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Fingerprint Analysis

FingerprintNational Academy of Sciences Report - See pp. 136-150 for the National Research Council's assessment of the discipline of fingerprint analysis. The 2009 NAS Report cited "a thorough analysis of the ACE-V method" that concluded: "'We have reviewed available scientific evidence of the validity of the ACE-V method and found none.'" pp. 142-143 (citation omitted).

The 2016 PCAST Report found that latent fingerprint analysis is a foundationally valid subjective methodology, but with a false positive rate that is substantial and is likely to be higher than expected by many jurors based on longstanding claims about the infallibility of fingerprint analysis. Conclusions of a proposed identification should include accurate information about the limitations on the reliability of the conclusion. See p. 101-2. Validity as applied requires that an expert: (1) has undergone appropriate proficiency testing; (2) discloses whether he or she documented the features in the latent print in writing before comparing it to the known print; (3) provides a written analysis explaining the selection and comparison of the features; (4) discloses whether, when performing the examination, he or she was aware of any other facts of the case that might influence the conclusion; and (5) verifies that the latent print in the case at hand is similar in quality to the range of latent prints considered in the foundational studies. See p. 102.

The 2017 American Association for the Advancement of Science (AAAS) Forensic Science Assessments: A Quality and Gap Analysis – Latent Fingerprint Examination found that while latent fingerprint examiners can successfully rule out most of the population from being the source of a latent fingerprint based on observed features, insufficient data exist to determine how unique fingerprint features really are, thus making it scientifically baseless to claim that an analysis has enabled examiners to narrow the pool of sources to a single person.

Friction Ridge Subcommittee - this Scientific Area Committee (part of the OSAC) has taken over the work previously done by the Scientific Working Group on Friction Ridge Analysis, Study and Technology (SWGFAST). It is a collaboration of practitioners working to improve discipline practices and build consensus standards for the field of friction ridge analysis.

  • NIJ Fingerprint Sourcebook - This National Institute of Justice publication was prepared by SWGFAST in 2011. All 15 chapters are available for free online. This publication sets standards for fingerprint identification and addresses issues such as bias and reliability of the technique.

UK Fingerprint Source Book - this reference document drafted in March 2013 describes in detail the various techniques used for developing and comparing fingerprints. Provides more historical and scientific information about the techniques used to develop fingerprints than most lab standard operating procedures do.

International Association of Identification - Professional association for forensic identification disciplines including fingerprint analysis.


  • Motion to Exclude Latent Fingerprint Testimony (Filed 10-30-2009 in Superior Court of the District of Columbia) based in part on the NAS report, argues that "the relevant scientific community does not generally accept that latent fingerprint analysis can reliably and accurately demonstrate a connection between a latent print and a specific individual."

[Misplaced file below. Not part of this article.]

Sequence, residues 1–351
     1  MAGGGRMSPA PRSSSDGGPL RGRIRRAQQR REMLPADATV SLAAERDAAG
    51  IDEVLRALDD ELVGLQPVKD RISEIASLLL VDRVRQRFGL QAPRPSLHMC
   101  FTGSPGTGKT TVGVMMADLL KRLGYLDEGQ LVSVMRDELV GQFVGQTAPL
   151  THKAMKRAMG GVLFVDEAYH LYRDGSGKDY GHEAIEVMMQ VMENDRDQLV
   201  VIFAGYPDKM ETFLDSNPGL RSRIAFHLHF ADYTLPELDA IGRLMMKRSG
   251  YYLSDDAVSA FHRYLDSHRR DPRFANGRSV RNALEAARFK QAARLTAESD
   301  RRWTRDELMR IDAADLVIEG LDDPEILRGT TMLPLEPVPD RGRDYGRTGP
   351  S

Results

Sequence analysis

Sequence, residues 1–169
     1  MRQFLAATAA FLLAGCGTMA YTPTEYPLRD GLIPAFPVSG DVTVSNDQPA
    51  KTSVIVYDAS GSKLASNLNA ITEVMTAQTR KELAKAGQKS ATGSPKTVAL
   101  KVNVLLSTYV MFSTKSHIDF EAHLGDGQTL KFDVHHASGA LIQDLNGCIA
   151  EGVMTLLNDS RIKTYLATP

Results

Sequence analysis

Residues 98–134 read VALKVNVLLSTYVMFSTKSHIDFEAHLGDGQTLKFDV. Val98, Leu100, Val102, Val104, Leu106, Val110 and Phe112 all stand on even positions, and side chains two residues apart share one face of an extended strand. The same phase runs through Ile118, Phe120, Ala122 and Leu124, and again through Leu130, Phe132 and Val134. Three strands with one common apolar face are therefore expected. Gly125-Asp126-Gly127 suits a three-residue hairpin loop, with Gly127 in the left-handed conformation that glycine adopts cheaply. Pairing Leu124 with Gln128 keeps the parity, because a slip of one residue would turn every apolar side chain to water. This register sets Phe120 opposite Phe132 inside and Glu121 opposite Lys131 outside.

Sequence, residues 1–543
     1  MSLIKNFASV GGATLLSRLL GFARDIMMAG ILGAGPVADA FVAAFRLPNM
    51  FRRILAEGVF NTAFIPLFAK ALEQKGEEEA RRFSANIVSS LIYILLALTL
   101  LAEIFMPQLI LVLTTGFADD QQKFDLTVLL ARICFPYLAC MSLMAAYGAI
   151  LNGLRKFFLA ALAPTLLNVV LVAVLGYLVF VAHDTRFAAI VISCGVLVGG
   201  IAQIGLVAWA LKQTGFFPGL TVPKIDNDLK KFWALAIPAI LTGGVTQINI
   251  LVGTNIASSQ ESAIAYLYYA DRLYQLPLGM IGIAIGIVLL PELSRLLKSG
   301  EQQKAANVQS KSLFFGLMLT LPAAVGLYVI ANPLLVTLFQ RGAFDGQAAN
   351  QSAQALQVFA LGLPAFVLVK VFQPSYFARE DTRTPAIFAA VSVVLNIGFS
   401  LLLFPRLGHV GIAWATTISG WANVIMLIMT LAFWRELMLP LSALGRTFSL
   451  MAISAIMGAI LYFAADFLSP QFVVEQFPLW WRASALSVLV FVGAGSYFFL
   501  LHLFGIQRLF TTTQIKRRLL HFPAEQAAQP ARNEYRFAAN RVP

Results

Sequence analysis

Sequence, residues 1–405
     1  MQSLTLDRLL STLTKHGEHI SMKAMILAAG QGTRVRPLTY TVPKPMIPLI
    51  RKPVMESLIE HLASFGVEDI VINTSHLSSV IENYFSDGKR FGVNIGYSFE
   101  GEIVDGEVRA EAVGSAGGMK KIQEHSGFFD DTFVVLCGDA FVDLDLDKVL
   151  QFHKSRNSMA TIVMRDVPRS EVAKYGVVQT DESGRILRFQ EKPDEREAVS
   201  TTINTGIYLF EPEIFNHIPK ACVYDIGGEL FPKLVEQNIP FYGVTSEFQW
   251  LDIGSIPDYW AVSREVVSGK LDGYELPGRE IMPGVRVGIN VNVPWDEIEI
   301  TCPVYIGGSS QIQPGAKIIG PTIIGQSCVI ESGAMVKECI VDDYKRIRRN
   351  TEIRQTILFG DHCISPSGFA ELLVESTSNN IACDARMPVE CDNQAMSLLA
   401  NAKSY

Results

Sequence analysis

• Sample Motion to Exclude Latent Fingerprint Testimony - NC motion drafted in 2011 based on NAS report, uses the Howerton/Goode standard and Rules of Evidence 702 and 403. Please note that this motion is based on the Howerton/Goode standard and not the new Rule of Evidence 702. The new Rule of Evidence 702 may contain additional avenues to challenge the admissibility of expert testimony. For cases with a date of offense on or after October 1, 2011, attorneys should update this motion to use the new Rule of Evidence 702 standard. Also, not all possible case law that may be cited is included on this website. NC attorneys seeking to challenge the admissibility of fingerprint evidence testimony should contact Sarah Olson before filing this motion.
  • Motion to exclude latent fingerprint testimony - in the Superior Court of King County, Washington (Frye jurisdiction)


  • State v. McPhaul, ___ N.C. App. ___, 808 S.E.2d 294 (Nov. 7, 2017) - the Court of Appeals applied the new Daubert test for expert testimony and held that trial court abused its discretion by allowing the State’s expert witness's testimony about fingerprint evidence. A petition for discretionary review was granted by the NC Supreme Court which subsequently found that discretionary review was improvidently granted, leaving intact the Court of Appeals opinion. The court held that the witness’s testimony failed to satisfy Rule 702(a)(3) which requires that an expert witness be able to explain the abstract methodology underlying the opinion and reliably apply that methodology to the facts of the case. Here, the witness provided no detail in explaining how she arrived at her conclusions in the case at hand. The court held that the expert implicitly asked the jury to accept her expert opinion that the prints matched when she failed to provide an explanation of how she applied the general principles and methods to the specific case at hand.
  • Attorneys should be aware of the following cases involving fingerprint misidentification or fingerprint evidence used to exonerate: